But by the early twentieth century, specifically after the First World War, this mental climate changed completely. The ancient Greek philosophers believed that matter, in the last analysis, was composed of atoms. And the atom, though very tiny, was a piece of solid matter. But with the breaking of the atom in the twentieth century, all the popular scientific concepts underwent a sea change. The theories about faith and reason seemed relevant only while science was confined to the macrocosmic level. Later, when science advanced to the microcosmic level, it underwent a revolution, and along with it, the method of argument also changed.

So far, science had been based on the proposition that all the things it believed in, like the atom, could be directly explained. But when the atom, the smallest part of an element, was split, it was revealed that it was not a material entity, but just another name for unobservable waves of electrons.

This discovery demonstrated how a scientist could see only the effect of a thing and not the thing itself. For instance, the atom, after being split, produces energy which can be converted into electricity. This runs along a wire in the form of a current, yet this event is not observable even by a scientist. But when such an event produces an effect, for instance, it lights up a bulb or sets a motor in motion this effect comes under a scientist’s observation. Similarly, the waves from an X-ray machine, are not observable by a scientist, but when they produce the image of a human body on a plate, then it becomes observable.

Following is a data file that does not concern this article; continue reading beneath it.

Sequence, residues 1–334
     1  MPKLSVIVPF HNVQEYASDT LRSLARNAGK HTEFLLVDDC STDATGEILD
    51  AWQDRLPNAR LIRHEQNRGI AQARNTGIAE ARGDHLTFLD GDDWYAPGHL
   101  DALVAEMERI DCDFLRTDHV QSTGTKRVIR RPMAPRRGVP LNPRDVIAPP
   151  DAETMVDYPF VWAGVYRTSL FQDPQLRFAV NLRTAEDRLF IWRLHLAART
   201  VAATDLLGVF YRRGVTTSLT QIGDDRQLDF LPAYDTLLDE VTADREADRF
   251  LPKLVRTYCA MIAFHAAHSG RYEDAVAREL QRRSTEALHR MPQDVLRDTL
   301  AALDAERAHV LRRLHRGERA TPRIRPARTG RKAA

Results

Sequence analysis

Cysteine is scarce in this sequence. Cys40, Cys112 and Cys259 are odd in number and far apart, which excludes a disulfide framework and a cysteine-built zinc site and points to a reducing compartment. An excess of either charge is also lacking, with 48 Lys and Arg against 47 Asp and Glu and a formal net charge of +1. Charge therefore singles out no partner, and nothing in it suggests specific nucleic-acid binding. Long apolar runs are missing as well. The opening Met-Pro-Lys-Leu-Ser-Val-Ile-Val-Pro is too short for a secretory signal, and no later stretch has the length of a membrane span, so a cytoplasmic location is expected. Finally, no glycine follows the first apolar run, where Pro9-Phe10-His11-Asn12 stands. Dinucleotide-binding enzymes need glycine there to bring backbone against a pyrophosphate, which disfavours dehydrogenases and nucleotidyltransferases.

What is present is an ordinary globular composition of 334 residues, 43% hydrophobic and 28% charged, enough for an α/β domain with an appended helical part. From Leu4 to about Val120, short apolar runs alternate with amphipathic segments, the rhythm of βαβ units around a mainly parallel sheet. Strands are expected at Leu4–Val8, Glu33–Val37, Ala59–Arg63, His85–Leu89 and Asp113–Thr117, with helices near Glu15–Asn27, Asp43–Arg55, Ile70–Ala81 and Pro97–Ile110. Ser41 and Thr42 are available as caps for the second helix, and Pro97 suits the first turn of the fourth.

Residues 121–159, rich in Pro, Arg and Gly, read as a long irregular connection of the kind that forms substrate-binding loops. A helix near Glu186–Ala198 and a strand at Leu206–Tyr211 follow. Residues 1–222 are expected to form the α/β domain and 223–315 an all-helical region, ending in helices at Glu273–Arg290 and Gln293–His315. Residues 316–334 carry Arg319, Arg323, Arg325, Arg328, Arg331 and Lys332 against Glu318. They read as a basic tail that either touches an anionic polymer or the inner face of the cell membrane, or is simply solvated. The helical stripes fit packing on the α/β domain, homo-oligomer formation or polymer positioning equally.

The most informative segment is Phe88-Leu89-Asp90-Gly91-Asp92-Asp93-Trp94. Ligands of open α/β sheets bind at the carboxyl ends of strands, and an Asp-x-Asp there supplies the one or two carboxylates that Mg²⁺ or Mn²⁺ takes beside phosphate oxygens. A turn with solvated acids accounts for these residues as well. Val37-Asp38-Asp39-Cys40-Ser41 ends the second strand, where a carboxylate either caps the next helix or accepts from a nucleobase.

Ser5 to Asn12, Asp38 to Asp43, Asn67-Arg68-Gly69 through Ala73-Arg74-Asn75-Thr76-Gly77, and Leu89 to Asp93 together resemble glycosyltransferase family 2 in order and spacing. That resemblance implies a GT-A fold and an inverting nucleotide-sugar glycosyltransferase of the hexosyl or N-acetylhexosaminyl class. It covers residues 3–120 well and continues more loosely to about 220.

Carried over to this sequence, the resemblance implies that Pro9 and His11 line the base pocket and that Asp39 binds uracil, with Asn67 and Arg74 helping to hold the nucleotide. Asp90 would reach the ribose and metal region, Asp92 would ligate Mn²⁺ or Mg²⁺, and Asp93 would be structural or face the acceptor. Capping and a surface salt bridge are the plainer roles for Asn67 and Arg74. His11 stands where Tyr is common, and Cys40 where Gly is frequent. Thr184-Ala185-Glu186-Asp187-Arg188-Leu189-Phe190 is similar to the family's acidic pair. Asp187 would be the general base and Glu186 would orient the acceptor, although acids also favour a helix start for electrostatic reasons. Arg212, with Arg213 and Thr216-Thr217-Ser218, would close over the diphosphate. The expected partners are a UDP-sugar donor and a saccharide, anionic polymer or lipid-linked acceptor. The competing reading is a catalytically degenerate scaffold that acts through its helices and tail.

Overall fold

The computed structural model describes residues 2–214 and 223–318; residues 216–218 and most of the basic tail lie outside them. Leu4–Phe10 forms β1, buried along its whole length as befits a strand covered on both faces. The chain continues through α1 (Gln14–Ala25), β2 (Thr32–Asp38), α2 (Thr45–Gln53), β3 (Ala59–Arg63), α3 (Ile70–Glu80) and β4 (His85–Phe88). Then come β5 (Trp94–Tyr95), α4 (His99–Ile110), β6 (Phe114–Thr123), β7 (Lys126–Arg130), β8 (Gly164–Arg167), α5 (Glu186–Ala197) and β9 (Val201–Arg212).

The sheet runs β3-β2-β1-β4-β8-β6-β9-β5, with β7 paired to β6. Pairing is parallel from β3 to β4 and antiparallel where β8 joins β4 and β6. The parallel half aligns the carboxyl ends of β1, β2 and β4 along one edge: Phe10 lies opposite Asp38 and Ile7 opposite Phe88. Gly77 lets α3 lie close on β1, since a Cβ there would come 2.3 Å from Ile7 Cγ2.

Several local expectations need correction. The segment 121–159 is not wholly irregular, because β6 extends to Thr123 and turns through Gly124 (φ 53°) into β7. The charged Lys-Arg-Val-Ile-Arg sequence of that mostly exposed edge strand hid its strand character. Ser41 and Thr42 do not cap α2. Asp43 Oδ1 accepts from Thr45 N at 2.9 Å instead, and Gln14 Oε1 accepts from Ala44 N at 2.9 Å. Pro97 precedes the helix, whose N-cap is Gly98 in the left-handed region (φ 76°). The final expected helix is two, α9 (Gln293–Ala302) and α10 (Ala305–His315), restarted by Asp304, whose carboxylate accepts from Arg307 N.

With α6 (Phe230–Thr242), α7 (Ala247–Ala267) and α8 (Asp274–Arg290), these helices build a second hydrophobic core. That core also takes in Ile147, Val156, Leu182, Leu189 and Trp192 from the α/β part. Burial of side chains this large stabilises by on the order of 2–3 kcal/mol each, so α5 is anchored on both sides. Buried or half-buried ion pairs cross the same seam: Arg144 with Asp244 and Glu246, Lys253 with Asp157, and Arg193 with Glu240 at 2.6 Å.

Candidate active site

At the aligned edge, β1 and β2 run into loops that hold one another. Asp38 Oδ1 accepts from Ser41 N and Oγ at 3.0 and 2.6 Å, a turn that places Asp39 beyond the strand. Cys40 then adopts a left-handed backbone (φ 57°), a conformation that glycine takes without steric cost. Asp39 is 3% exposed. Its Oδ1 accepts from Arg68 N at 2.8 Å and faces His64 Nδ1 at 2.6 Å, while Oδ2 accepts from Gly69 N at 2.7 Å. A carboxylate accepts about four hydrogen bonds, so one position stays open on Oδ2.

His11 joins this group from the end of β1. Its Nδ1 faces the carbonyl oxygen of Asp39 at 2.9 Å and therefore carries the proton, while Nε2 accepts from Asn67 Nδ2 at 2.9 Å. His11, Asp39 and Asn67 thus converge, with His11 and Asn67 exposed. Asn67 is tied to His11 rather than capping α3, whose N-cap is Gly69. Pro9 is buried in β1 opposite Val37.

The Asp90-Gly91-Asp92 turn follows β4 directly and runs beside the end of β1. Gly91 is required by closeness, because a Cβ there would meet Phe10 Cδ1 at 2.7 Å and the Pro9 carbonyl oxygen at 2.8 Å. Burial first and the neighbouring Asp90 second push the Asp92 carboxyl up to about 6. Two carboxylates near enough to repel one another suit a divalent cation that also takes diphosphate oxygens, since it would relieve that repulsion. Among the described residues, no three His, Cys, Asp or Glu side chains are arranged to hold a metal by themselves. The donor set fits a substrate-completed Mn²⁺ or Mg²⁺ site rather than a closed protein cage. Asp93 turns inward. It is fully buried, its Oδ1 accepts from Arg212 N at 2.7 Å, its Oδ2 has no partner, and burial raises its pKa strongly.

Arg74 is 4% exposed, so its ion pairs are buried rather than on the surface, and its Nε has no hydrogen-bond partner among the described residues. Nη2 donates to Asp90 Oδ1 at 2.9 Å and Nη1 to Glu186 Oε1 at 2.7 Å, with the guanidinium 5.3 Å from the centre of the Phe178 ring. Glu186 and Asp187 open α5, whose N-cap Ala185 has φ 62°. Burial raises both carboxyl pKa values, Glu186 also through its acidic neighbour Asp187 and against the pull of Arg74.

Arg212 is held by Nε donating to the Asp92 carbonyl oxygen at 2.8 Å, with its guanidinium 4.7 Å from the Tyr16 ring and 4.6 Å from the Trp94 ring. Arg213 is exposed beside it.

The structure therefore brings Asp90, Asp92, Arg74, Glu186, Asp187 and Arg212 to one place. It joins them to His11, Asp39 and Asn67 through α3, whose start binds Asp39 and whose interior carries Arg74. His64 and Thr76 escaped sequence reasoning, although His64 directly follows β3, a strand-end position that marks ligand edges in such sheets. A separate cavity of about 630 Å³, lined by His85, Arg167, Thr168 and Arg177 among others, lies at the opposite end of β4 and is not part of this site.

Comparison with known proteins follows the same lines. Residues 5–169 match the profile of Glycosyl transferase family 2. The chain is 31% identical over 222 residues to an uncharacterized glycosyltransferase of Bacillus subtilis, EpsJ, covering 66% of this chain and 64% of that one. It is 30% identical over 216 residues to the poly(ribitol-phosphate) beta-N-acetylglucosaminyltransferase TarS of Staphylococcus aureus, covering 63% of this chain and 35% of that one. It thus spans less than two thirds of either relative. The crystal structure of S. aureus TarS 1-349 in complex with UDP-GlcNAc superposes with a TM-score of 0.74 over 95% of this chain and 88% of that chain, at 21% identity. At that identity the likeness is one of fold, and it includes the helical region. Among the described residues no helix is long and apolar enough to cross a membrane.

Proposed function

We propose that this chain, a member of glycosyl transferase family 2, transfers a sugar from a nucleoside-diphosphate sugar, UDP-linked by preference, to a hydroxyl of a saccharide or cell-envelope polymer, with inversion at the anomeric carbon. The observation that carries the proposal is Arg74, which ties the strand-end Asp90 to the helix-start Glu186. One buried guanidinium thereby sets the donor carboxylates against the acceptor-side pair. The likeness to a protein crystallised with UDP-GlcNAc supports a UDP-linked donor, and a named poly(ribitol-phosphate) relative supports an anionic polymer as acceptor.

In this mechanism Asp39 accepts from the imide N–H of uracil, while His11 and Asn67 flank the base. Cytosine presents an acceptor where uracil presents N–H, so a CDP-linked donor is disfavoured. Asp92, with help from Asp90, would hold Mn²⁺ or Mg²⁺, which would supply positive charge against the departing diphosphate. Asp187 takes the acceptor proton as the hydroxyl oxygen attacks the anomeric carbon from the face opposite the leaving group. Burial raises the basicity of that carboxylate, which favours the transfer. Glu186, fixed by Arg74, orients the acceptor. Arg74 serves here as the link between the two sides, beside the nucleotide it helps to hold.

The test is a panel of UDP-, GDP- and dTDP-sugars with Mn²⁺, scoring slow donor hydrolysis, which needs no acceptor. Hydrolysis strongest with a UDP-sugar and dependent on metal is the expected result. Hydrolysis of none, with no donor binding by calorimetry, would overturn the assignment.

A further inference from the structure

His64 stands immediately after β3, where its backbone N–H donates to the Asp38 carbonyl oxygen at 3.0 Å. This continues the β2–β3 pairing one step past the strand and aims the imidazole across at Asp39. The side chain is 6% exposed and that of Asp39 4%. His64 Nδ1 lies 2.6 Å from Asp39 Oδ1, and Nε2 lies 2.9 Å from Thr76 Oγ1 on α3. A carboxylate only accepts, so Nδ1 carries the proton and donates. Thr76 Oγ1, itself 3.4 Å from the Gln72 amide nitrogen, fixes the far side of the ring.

Now the question arose as to what stand a scientist must take? Should he believe only in a tangible effect or the intangible thing as well, which produced that effect? Since the scientist was bound to believe in the tangible effect, he had no choice but to believe in its intangible cause.

Here the scientist felt that direct argument could be applied to the tangible effect, but that it was not at all possible to apply direct argument to the intangible cause. The most important of all the changes brought about by this new development in the world of science was that, it was admitted in scientific circles that inferential argument was as valid as direct argument.